Note:1 minute is just a general guideline, the actual interval depends on the amount of traffic on the database system. For higher traffic systems, there will be a lot of transactions each second, so there will be more dirty pages. So, the CHECKPOINT (background writer) kicks off more frequently than once a minute.

With new Indirect Checkpoints, a database level setting, we could configure a custom checkpoint settings to enable faster & predictable recovery times after crash.



When we UPDATE/INSERT data into Sql Server, it is written to buffer pool, not disk. Only when (automatic/default) CHECKPOINT occurs, all the dirty pages in buffer pool are written to disk. This occurs at one minute intervals (varies based on workload, but 1 min in a good general guideline). So, approximately every minute, at the 60th second, you’ll see a HUGE spike in I/O to the MDF/NDF files as all the dirty pages are being written to disk. Then it waits for another ~60 seconds for the next CHECKPOINT, to write all the dirty pages to disk again. So, you see a pattern here.

The entire dirty page workload is being written to disk in one shot —  then wait (sit idle) for the next 60 seconds; And then again write the next workload to disk in one shot. As you can see, the I/O subsystem will be more active during these CHECKPOINT periods than at anytime in between.

If your storage is designed to handled, let’s say, 100 MB/sec and you have 1000 MB worth of dirty pages since the last checkpoint (1 min), it might take storage subsystem more than 10 seconds to fully process the workload. This results in unnecessary spikes in I/O metrics.

See the image below, where it shows the Maximum reading on the amount of dirty pages written to disk.


This presents an incorrect picture that there is something wrong with your storage. While staying idle the remaining 50 (to 45) seconds of the minute.



  • I/O bottlenecks:
    • Now, if we could write more frequently, then the same workload could be accomplished without triggering off any false positive metrics (and also reducing recovery time after a crash).
    • In our above example, if the same 1000 MB dirty page workload per minute, could be written 2 times within a minute, we’ll have ~500MB workload every 30 seconds.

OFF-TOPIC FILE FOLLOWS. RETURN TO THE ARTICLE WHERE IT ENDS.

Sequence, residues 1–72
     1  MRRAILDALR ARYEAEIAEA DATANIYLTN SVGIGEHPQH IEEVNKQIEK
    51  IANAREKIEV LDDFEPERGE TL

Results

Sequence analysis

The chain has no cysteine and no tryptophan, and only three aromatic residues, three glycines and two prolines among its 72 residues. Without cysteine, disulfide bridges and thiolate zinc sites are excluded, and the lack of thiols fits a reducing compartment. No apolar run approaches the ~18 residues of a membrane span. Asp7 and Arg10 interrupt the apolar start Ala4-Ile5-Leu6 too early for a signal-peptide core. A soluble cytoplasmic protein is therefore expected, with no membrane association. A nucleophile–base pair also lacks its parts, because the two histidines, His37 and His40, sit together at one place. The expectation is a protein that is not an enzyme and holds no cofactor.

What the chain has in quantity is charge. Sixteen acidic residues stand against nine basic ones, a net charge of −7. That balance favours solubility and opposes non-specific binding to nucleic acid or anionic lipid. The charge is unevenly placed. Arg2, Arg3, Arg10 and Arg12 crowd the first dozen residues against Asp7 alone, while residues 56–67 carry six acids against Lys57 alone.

• Now, the same storage metrics will show much better picture.
    • Then we could tweak the design of storage to the requirements of Sql Server dirty page workload.


  • Indirect Checkpoints enable you to control recovery time after a crash to fit within your business requirements


  • Adjustment Period:
    • When we first change this setting, Sql Server makes some changes to the amount of dirty pages in memory. This may result, initially, in sending some pages to disk immediately to achieve the new Recovery time.
    •  During this adjustment period, we’ll see the above disk activity as Sql Server is going through the adjustment period.
    • Once the adjustment period is completed, Sql Server will go back to a predictable schedule in its attempts to send pages to disk.
    • So, do not be alarmed during this adjustment period.
  • Preparation:
    • For OLTP workloads, sometimes this setting could result in performance degradation. Looks like the background writer, that writes dirty pages to disk, increases total write workload for server instance.
    • If different databases have different settings, the instance ends up doing more work, which might result in performance degradation.
    • So, this setting needs to be tested in performance environment before enabling it in Production environments.
In the next post, we’ll see the interaction between ‘recovery interval‘ & TARGET_RECOVERY_TIME setting.
Hope this helps,

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Quick one today:

In replication, the transactions that come into the system are stored in Distribution database first; From there they are replicated to each Subscriber. The data stays there for several hours. This is determined by a ‘Transaction Retention‘ setting on the Distributor.

Similarly, as the data is replicated, log entries are made in the Distributor database. These entries also have a retention policy that could be set using ‘History Retention‘ setting.

Go to Distribution instance, Replication >> Right click >> Distributor Properties

Distributor Retention Properties

Distributor Retention Properties

Under general tab, we see these settings. Change them as needed to achieve longer/shorter retention of both data & log.

Retention Policy

Retention Policy

Hope this helps,

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Interesting one today:

On one of our production machines, we recently added a new LUN to a SQL cluster. A task like this is a team effort. Sysadmins perform some steps and DBA carry out the remaining. In this article, the main focus is on covering the steps after the LUN is added to the OS & Sql Cluster by the sysadmins.  For context, we’ll start with high level steps before going into details.

Sysadmins steps

  1. Add new storage to the machine/OS as an available storage
  2. Format the available drive with appropriate settings (cluster size) and add it as a new drive
  3. Make drive available to the Cluster using “Add Disk” screen in FailOver Cluster Management tool.

DBAs steps

  1. Add available storage to Sql Cluster
  2. Configure dependency (and check the report before & after)
  3. Add data file on the new cluster storage drive

Here we’ll cover the DBA steps in detail:

Some of these steps were covered under a different recent article as part of dealing with an error message, but here we’ll cover it as a task by itself (which it is).